“Fifty years ago even, they would have been fairly full, but 50 years later we’re hanging on by a thread,” says John.

However, he does say: “There no antagonism, it’s just the people have moved away between politics, social issues and economics.”

But he has criticism for President of Ireland Michael D. Higgins, alleging he has made the South “a cold house” for the Orange fraternity; unlike President Mary McAleese and her husband, Martin, who “reached out” to the Orange community in the South.

This year, Lisa, a Catholic from County Monaghan, says she has accepted an invitation to go to an Orange parade in Drum.

“I was invited, and I can’t wait to go,” she says. “I’m very excited to be invited and I’m curious.

“I watched the programme, ‘The real Derry girls’, where they invited each other to the St. Patrick’s parade and to see a band practising for The Twelfth and I just thought, ‘Is this the way forward?’

“So, I’m going to bring my family when I go.”


However, not everyone sees the loyal orders as benign and words such as “triumphalist” are used, and opinions are expressed by some Catholic interviewees that the Orange Order still exerts undue influence; even to the point of ensuring land owned by Protestants doesn’t end up in Catholic hands.

Anthony, a Fermanagh Catholic, was involved in objecting to parades in Roslea and Newtownbutler which he described as “flashpoints”.

“We went round the people of the village and country area with a petition asking for the Black parade on the first Saturday of August each year to cease coming up and down the town, which was seen as triumphalism and nothing more,” he says.

“It wasn’t culture as far as we could see. It was completely ignored by the government of the day under Direct Rule, “says Anthony, who helped form the Roslea anti-sectarian march branch.

“There was a need for change, but in our case change only came about through protest.”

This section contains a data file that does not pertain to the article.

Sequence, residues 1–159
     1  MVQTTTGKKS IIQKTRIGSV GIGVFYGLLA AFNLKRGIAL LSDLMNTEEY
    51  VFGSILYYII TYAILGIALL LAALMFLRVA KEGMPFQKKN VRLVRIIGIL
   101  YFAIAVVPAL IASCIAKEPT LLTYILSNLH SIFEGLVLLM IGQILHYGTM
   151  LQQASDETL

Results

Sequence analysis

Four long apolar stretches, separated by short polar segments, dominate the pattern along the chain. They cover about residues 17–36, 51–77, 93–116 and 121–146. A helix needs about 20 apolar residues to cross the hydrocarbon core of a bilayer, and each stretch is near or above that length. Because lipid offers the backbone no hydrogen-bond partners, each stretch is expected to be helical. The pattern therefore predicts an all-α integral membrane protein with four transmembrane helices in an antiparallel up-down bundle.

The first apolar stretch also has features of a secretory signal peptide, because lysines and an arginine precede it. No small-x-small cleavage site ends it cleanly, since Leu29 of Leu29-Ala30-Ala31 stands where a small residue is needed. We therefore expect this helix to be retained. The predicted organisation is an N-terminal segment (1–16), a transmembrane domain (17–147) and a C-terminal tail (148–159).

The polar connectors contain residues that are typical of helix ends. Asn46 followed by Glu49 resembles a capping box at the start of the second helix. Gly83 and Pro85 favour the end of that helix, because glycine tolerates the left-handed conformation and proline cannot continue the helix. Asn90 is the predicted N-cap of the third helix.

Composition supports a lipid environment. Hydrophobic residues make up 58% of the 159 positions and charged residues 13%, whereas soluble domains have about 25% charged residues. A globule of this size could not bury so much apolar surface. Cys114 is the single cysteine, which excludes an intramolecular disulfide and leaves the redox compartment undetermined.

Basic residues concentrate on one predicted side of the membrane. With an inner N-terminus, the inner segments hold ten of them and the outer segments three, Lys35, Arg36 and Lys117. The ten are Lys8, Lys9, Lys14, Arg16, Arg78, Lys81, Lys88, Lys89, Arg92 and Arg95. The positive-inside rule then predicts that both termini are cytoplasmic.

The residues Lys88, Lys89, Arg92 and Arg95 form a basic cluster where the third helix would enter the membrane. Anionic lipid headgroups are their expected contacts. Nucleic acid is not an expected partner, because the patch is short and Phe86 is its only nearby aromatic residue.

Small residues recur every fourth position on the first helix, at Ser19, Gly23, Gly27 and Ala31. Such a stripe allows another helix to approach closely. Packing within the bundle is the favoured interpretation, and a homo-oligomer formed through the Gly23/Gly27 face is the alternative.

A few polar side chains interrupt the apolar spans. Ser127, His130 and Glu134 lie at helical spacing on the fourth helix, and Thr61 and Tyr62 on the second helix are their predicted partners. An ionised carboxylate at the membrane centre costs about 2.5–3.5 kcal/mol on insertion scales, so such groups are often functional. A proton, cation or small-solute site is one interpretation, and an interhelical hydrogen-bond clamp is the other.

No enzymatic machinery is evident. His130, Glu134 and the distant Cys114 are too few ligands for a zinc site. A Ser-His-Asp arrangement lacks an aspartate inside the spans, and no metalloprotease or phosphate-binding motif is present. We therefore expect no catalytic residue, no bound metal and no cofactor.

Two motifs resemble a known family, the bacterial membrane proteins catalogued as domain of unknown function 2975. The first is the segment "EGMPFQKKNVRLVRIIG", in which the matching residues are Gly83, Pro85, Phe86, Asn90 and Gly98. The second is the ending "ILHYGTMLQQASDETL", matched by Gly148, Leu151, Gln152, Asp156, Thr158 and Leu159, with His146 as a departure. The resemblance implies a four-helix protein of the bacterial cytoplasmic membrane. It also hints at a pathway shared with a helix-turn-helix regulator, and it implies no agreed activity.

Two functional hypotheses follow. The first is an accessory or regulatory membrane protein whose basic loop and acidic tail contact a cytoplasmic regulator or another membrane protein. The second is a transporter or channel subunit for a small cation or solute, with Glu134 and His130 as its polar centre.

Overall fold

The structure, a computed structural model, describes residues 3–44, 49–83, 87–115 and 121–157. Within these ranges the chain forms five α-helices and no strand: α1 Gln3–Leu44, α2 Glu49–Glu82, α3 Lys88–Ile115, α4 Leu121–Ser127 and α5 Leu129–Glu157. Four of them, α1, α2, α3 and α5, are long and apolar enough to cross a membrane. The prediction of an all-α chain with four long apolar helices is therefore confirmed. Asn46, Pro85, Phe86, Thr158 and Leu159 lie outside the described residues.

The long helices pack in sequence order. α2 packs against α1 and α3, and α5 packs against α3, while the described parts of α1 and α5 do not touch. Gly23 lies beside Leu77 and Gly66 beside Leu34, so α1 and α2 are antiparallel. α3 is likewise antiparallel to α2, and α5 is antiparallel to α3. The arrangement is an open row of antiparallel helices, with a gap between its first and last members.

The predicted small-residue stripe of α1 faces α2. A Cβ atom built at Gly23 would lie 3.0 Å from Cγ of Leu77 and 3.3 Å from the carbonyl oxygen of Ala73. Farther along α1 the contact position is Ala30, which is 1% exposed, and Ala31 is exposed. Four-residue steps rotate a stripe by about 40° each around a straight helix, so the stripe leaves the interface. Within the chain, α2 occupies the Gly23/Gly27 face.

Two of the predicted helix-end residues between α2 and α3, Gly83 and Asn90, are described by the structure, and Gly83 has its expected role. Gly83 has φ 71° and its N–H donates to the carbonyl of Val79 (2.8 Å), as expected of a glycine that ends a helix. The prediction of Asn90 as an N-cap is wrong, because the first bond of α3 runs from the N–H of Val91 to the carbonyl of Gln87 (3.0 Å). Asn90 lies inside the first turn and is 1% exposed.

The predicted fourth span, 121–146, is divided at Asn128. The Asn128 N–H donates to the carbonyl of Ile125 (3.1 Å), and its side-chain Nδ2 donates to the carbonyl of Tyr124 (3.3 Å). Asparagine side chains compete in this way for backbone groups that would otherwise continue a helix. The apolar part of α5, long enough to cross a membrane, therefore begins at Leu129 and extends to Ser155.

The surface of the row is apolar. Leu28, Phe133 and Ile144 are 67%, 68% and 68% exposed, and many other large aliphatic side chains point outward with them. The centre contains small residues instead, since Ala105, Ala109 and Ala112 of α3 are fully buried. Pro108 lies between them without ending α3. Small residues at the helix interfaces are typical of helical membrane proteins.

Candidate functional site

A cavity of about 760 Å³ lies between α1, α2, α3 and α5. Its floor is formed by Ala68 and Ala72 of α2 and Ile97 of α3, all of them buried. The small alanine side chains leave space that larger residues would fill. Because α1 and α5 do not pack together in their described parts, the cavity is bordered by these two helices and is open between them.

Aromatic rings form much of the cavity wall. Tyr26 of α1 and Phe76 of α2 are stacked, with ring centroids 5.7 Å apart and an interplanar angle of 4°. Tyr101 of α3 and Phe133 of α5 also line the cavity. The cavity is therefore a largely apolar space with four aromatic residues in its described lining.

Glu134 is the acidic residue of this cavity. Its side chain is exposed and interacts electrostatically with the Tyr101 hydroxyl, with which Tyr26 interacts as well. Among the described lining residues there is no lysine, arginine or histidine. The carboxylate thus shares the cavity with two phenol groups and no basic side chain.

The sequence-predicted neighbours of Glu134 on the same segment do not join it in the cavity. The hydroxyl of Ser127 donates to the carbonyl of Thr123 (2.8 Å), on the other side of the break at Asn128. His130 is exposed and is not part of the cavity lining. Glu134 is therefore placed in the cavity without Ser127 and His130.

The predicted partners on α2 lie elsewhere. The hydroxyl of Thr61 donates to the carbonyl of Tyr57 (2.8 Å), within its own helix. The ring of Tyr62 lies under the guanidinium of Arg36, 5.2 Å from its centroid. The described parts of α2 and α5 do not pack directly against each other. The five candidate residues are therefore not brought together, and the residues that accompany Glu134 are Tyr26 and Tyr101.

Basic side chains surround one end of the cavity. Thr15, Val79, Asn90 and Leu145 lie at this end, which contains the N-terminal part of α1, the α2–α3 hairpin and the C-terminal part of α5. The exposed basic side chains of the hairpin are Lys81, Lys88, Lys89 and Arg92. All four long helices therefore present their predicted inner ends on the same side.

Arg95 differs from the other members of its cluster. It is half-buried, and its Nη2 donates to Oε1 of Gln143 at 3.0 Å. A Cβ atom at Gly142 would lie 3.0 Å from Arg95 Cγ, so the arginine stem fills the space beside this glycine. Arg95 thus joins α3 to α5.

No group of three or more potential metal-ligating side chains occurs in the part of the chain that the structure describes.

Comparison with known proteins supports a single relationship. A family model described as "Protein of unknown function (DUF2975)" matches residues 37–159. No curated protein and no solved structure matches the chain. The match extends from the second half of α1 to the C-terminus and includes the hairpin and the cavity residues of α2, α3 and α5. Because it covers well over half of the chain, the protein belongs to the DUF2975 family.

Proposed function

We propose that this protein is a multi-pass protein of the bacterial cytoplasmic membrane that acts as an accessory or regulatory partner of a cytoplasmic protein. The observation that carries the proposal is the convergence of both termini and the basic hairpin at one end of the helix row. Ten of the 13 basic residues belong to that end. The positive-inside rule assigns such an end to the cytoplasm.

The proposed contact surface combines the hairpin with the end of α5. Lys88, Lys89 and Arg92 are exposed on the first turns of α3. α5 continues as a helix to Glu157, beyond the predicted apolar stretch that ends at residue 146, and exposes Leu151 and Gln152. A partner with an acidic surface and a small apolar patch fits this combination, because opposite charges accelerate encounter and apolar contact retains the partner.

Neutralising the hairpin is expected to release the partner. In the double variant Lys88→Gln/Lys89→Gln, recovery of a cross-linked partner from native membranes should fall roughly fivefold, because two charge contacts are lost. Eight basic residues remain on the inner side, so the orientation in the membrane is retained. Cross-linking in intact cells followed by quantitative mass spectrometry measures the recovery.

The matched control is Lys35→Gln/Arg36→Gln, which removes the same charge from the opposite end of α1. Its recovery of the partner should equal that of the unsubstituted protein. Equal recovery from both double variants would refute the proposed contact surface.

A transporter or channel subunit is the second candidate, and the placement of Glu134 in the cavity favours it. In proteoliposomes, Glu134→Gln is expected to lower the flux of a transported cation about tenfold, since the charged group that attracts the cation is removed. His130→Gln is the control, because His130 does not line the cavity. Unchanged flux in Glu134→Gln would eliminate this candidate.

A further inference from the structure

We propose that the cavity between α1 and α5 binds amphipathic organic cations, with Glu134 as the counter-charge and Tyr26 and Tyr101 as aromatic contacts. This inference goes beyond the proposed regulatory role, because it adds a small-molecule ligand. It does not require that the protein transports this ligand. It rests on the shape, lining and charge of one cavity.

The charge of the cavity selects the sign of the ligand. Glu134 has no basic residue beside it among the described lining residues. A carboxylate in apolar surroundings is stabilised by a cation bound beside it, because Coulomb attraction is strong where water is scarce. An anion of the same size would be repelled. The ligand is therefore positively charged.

He reveals that an intermediary was brought in to assist talks in the Roslea protest, but adds, “He arranged a meeting with the Black preceptory and they all turned their chairs and sat with their backs to him.”


Anthony believes that the Orange Order is “still pretty powerful” and they have been telling the Unionist people which way to go on the Northern Ireland Protocol.

“They are a power within a power. I know a case of a neighbour of mine. He sold a farm of land, previously owned by the Orange lodge. But he sold it on the open market, and he was completely ostracised for years.”

“At one time if they had a problem, all they had to do was go to the lodge and the lodge would go right to the top. And they got what they wanted.

“They call themselves a cultural body, but they are still very powerful. They might be slightly in decline, they want to maybe modernise a bit, but they’re still very powerful. They call the shots at the end of the day,” Anthony believes.

Also North of the Border, Fermanagh woman Mary says loyal order parades prevent a real challenge.

She finds the parades “triumphalist and divisive; they definitely don’t feel inclusive to me”.

But she concedes: “If people want to perpetuate the tradition of marching and celebrating William of Orange, I suppose in a re-united, re-integrated Ireland there has to be a way to accommodate that. But possibly not on the same scale as it currently is.”

“I always felt these [Twelfth] parades weren’t one parade; it was a series of parades that went on for 6-8 weeks,” says Mary.

Other comments included:

“A lot of [Unionist leaders] have been involved in the Orange Order. But it’s a badge to wear when it suits, whenever I can get my photograph taken. I’m happy enough to stand with the collarette then, but other times I distance myself.”

Tom, Protestant, south Armagh.

“I suppose in Border areas there are quite a few Orange lodges who have their halls and meet. There is no difficulty with that from the wider community and Rossnowlagh happens in July every year. There would be respect for the Orange Order and its culture from Southern Ireland, I feel much more so than here.” Pamela, Protestant, County Fermanagh.

“My mother came from Roslea and we always had that affiliation. We always went to the Twelfth of July and the Twelfth of August. We went to Orange parades. While living in the Republic of Ireland we were a family who shared with Roman Catholics.” Cecil, Protestant, County Monaghan.

Part Two next week: How the Nationalist identity has gained ‘confidence’.

Anyone wishing to obtain a copy of the book can collect one at the following locations:

Impartial Reporter office, Enniskillen.

Fermanagh County Library, Enniskillen.

Fermanagh County Museum, Enniskillen.

Fermanagh Trust office (Fermanagh House).

Monaghan County Library, Clones.

Clones Family Resource Centre.